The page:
When schools closed in March due to COVID-19, it was clear that the normal channels for getting food from school gardens to children and their families would be disrupted. Students wouldn’t be around to eat the produce or to bring it home to be shared with their family. And yet, there was an increased demand for fresh food at local food banks. In response, local, non profit Garden To Table ramped up production of nutrient-dense vegetables for donation.
“Our first round of donations weighed in at 860 pounds (1,800 heads) of lettuce,” says Stephanie Dobbie, Director of Strategy & Partnerships at Garden to Table. “These produce donations went to families in need through Community Food Share and Boulder Food Rescue.”
As of October 7, we have donated 5,500 pounds including kale, carrots, tomatoes, beans and squash. And BVSD families can rest assured knowing that Garden to Table will keep school gardens thriving for when students return to campus.
Garden To Table supports school gardens in 19 Boulder Valley School District schools. In addition, their education program provides gardens and curriculum to 370 teachers, empowering them to bring their students (9,000+) into their school garden each year to participate in hands-on lessons about science and gardening.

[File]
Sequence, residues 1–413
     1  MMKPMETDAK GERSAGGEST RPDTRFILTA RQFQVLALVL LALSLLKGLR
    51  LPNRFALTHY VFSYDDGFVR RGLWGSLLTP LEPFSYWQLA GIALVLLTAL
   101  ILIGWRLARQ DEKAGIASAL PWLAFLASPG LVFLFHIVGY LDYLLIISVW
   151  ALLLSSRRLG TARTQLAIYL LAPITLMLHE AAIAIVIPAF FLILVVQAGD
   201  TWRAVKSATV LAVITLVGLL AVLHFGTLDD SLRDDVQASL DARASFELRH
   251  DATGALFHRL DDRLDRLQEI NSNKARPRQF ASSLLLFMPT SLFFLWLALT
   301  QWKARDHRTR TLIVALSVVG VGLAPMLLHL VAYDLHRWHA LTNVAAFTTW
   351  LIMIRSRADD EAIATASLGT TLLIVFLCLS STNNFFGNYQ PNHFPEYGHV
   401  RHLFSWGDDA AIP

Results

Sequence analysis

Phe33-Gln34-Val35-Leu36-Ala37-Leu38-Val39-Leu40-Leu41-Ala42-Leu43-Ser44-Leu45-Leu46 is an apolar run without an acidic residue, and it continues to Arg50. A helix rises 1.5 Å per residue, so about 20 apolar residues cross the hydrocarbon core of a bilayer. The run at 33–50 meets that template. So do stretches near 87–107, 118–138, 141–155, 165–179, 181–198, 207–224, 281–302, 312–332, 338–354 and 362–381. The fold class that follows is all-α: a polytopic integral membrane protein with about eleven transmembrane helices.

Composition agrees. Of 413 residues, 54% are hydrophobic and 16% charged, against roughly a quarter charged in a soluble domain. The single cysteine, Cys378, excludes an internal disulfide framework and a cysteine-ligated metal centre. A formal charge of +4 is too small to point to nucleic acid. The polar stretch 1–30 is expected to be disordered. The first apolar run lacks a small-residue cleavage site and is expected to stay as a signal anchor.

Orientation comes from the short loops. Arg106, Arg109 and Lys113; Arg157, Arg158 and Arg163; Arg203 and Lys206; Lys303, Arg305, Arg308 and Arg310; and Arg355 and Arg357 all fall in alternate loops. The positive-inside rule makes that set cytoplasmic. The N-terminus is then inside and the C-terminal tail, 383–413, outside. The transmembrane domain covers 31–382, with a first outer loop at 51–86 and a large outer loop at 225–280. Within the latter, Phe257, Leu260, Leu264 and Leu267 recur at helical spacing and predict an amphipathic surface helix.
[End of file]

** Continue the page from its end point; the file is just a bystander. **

“These experiences are designed to improve scientific understanding and expose students to new fruits and vegetables,” says Dobbie. “We also aim to engage them in gardening tasks, and develop a sense of environmental stewardship.”
The standards-based lessons address topics such as plant and insect biology, seed saving, pollination, water cycles, weather and climate, and human impacts on the environment. Garden To Table also provides garden designs, seeds and seedlings, irrigation systems, teacher and parent volunteer training, garden check-ups, community work days, teaching supplies, and online scheduling tools and gardening resources.
To meet the needs of teachers and parents during phases of home learning, Garden To Table has produced video lessons for students in each grade level in English and Spanish. Each video is about 5-10 minutes long and comes with a worksheet and recommended activities that will take students away from their screens and outside to explore nature. These educational resources are free and can be accessed through their website at www.gardentotable.org.
To learn more about Garden to Table and how to support their efforts in their Food for Families campaign, visit their site here: gardentotable.org